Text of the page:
Email scam problem

Some clients are receiving scam emails asking for pay invoices from one account from  our exchange, the account  is not in use  no body has the password to that account just me how is possible the client are receiving email if in the spam filter is not showed emails sent to that client?
PLCITSAsked:
Who is Participating?

[Product update] Infrastructure Analysis Tool is now available with Business Accounts.Learn More

x
I wear a lot of hats...

"The solutions and answers provided on Experts Exchange have been extremely helpful to me over the last few years. I wear a lot of hats - Developer, Database Administrator, Help Desk, etc., so I know a lot of things but not a lot about one thing. Experts Exchange gives me answers from people who do know a lot about one thing, in a easy to use platform." -Todd S.

Dr. KlahnPrincipal Software EngineerCommented:
It is quite simple to spoof any email address desired.  All that's needed is access to an open relay.  The sender can specify any sender email desired, and drop in so many fake headers that (without expert human analysis) it looks like the email came from your MTA.

If the email originated outside your network and did not go out through your MTA, then when the header chain is examined by a human this will be obvious.  However, almost no receiving MTAs will outright reject mail that does not match DKIM or SPF, and few even bother to check these.  And nobody I know bothers to check the header chain for authenticity when reading email.

You could ask all your clients to enable strict SPF authentication for your domain, but I daresay most of them will say "Huh? Wazzat?" if you do.

About the best you can do is say "The problem's not under our control and it's not really under your control either.  It's being spoofed outside our network.  However, you can enable SPF and DKIM and that'll solve it."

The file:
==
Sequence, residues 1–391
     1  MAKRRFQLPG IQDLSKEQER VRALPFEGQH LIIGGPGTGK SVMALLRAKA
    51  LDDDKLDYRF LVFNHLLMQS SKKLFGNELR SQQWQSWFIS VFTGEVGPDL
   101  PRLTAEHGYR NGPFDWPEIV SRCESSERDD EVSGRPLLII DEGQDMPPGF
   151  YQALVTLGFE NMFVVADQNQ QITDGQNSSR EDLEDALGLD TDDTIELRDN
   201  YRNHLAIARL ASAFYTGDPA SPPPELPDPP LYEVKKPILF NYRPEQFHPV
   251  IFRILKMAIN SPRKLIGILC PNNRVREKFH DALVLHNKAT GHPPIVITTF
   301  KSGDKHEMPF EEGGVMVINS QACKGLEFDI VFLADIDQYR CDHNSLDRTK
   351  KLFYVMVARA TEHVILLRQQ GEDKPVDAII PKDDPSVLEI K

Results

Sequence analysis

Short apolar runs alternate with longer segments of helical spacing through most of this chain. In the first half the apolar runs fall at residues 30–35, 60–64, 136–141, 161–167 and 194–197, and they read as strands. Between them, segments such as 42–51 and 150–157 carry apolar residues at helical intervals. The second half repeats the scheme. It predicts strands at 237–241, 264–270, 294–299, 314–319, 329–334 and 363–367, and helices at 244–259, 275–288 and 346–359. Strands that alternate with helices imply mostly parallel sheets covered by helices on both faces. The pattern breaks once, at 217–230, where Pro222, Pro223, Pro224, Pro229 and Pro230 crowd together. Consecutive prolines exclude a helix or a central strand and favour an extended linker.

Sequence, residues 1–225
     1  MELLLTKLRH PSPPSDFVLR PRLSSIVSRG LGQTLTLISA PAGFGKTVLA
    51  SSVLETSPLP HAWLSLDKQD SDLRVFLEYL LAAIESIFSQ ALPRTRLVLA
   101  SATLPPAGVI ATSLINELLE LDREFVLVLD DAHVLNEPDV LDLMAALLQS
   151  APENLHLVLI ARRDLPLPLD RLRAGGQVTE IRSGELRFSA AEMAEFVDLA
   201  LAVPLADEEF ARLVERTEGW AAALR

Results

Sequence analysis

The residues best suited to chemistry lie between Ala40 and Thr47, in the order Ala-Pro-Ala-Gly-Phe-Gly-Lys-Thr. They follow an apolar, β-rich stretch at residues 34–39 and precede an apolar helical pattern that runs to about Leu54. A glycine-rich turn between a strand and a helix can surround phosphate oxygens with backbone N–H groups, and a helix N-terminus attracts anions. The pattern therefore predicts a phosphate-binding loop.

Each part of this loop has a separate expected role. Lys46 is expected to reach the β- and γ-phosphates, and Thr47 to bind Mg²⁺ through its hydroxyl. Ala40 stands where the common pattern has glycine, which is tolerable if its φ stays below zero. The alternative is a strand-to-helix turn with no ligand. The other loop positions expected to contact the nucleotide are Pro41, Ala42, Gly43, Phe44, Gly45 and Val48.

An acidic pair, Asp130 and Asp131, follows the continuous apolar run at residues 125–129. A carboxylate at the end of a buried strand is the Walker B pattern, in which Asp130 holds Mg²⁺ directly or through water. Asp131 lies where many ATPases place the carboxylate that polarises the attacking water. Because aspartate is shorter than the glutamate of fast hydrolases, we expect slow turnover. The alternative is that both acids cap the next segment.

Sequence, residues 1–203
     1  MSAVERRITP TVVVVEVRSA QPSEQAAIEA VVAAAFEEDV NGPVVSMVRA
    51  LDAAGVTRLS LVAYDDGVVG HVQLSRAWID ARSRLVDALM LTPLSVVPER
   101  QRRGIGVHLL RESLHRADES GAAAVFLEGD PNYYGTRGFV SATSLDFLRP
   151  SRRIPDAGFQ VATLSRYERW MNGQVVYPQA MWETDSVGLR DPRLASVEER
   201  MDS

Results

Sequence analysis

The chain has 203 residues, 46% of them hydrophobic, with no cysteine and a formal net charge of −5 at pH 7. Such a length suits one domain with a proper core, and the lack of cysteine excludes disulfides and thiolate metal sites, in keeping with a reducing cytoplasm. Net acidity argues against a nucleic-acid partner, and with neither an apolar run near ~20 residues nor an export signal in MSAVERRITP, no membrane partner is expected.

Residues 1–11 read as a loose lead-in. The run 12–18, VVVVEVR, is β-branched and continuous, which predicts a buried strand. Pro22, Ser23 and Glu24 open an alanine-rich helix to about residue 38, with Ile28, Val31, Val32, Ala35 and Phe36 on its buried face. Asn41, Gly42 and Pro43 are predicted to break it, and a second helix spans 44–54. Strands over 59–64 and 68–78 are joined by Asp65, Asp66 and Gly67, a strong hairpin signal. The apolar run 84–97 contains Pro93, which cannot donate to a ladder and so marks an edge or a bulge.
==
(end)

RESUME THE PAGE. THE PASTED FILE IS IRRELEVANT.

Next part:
On the other hand, if the header chain is examined and the spoofed mail really is going out through your MTA, then you have at least one dishonest employee or subverted machine on your network, and in that case you need to chase it down right quick by looking through your outgoing email logs and finding the culprit.
1

Experts Exchange Solution brought to you by

Your issues matter to us.

Facing a tech roadblock? Get the help and guidance you need from experienced professionals who care. Ask your question anytime, anywhere, with no hassle.

Start your 7-day free trial
MichelangeloConsultantCommented:
Moreover, Paste scam email headers here
https://testconnectivity.microsoft.com/MHA/Pages/mha.aspx

And see wether its originating from your network
1
JohnBusiness Consultant (Owner)Commented:
Are you using Exchange as a spam filter?  Try a much stronger spam filter. My own mail system deletes these kind of emails all the time. My clients use Hosted Exchange and the spam filters (not Exchange) quarantine these emails.

It is important to improve your spam filters because ransomware uses emails to spread.
0
It's more than this solution.Get answers and train to solve all your tech problems - anytime, anywhere.Try it for free Edge Out The Competitionfor your dream job with proven skills and certifications.Get started today Stand Outas the employee with proven skills.Start learning today for free Move Your Career Forwardwith certification training in the latest technologies.Start your trial today
Exchange

From novice to tech pro — start learning today.